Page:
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Compliance With Primary Open-angle Glaucoma and Primary Open-angle Glaucoma Suspect Preferred Practice Patterns in a Retail-based Eye Clinic

Stanley, Jordan, MD*; Huisingh, Carrie E., MPH*; Swain, Thomas A., MPH*; McGwin, Gerald Jr, MS, PhD*,†; Owsley, Cynthia, PhD, MSPH*; Girkin, Christopher A., MD, MSPH*; Rhodes, Lindsay A., MD*

doi: 10.1097/IJG.0000000000001093
Original Studies

Purpose: To determine the level of adherence to the American Academy of Ophthalmology preferred practice pattern (PPP) guidelines for quality primary open-angle glaucoma (POAG) and POAG suspect (POAGS) care among retail-based optometrists.

Methods: Patients with a diagnosis of POAG or POAGS who participated in a telemedicine pilot project were included. Patients’ charts were evaluated for 15 elements of PPP guidelines for glaucoma care. Results were further stratified by number of follow-up visits and diagnosis.

Results: Of 360 identified patients, 10 elements were documented in over 98%. Documentation of the remaining 5 components was as follows: dilated fundus examination 91.1%, central corneal thickness (CCT) 88.6%, visual field 78.9%, gonioscopy 47.5%, and target intraocular pressure (IOP) 15.6%. in total, 32.8% of patients were seen once, whereas the remaining 67.2% had multiple visits. In patients with multiple visits, providers were more likely to document systemic history (100.0% vs. 97.5%; P=0.0346), review of systems (100.0% vs. 97.5%; P=0.0346), gonioscopy (60.0% vs. 22.0%; P<0.001), CCT (94.2% vs. 77.1%; P<0.001), visual field (97.5% vs. 40.7%; P<0.001), and target IOP (22.4% vs. 1.7%; P<0.001) compared with single visit patients. In stratifying results by diagnosis, POAG patients more often received visual field testing (92.7% vs. 68.9%; P<0.001) and had an established target IOP (35.1% vs. 1.4%; P<0.001) compared with POAGS patients.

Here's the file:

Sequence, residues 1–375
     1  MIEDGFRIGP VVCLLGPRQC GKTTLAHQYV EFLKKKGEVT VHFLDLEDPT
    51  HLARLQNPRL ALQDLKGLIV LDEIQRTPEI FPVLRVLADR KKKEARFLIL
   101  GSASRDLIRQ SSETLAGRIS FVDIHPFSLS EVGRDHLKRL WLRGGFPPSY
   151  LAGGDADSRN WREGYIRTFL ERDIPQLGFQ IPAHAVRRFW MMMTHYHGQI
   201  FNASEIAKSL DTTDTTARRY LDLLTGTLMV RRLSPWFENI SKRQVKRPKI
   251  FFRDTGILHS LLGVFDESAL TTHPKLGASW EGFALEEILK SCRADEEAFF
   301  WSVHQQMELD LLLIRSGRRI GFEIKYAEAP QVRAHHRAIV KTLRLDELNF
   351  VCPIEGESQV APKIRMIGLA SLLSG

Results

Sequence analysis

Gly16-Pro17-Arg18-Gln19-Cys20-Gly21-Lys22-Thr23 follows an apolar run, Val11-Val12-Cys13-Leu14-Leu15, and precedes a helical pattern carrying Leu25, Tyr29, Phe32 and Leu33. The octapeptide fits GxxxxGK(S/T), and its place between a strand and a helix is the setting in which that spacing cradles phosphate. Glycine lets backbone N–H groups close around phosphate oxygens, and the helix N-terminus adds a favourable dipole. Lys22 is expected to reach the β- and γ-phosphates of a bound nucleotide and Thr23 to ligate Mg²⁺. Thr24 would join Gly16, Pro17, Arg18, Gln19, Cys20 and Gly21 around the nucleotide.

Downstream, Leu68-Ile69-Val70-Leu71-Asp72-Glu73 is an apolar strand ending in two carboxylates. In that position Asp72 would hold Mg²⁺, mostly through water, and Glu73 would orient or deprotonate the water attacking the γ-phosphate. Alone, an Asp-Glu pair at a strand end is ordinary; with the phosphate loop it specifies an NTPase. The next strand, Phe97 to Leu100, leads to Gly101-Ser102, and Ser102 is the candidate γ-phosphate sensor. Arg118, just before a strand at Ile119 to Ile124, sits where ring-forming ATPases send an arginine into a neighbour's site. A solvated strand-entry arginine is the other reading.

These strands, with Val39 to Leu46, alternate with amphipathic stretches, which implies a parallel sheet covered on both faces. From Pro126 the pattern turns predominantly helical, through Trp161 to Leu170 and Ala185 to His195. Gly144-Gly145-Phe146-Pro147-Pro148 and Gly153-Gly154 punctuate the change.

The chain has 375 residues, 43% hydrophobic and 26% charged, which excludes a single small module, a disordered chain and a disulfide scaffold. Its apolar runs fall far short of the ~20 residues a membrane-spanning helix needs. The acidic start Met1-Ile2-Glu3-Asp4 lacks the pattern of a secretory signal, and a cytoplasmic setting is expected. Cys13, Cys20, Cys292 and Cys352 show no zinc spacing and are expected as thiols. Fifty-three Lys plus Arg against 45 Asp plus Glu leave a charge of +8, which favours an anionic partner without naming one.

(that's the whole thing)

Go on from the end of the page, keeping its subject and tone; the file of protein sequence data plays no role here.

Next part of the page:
Conclusions: Compliance with PPP guidelines for glaucoma care was very high for most elements but lower for performing dilated fundus examination, CCT, visual field, gonioscopy, and target IOP. This study highlights deficiencies in care likely to hamper the detection of glaucoma progression.

*Department of Ophthalmology and Visual Sciences, School of Medicine

Department of Epidemiology, School of Public Health, University of Alabama at Birmingham, Birmingham, AL

Supported by a cooperative agreement with the Centers for Disease Control and Prevention (#1U58DP004061) and a National Eye Institute grant (NIH/NEI 1K23EY025724-01A1), with supplemental support from the EyeSight Foundation of Alabama, Birmingham, AL, and Research to Prevent Blindness, New York, NY. The findings and conclusions in this paper are those of the authors and do not necessarily reflect the official position of the Centers for Disease Control and Prevention.

Disclosure: The authors declare no conflict of interest.

Reprints: Lindsay A. Rhodes, MD, Department of Ophthalmology and Visual Sciences, University of Alabama at Birmingham, 1720 University Boulevard, Suite 601, Birmingham, AL 35233 (e-mail: lindsayrhodes@uabmc.edu).

Received July 2, 2018

Accepted September 8, 2018

Copyright © 2018 Wolters Kluwer Health, Inc. All rights reserved.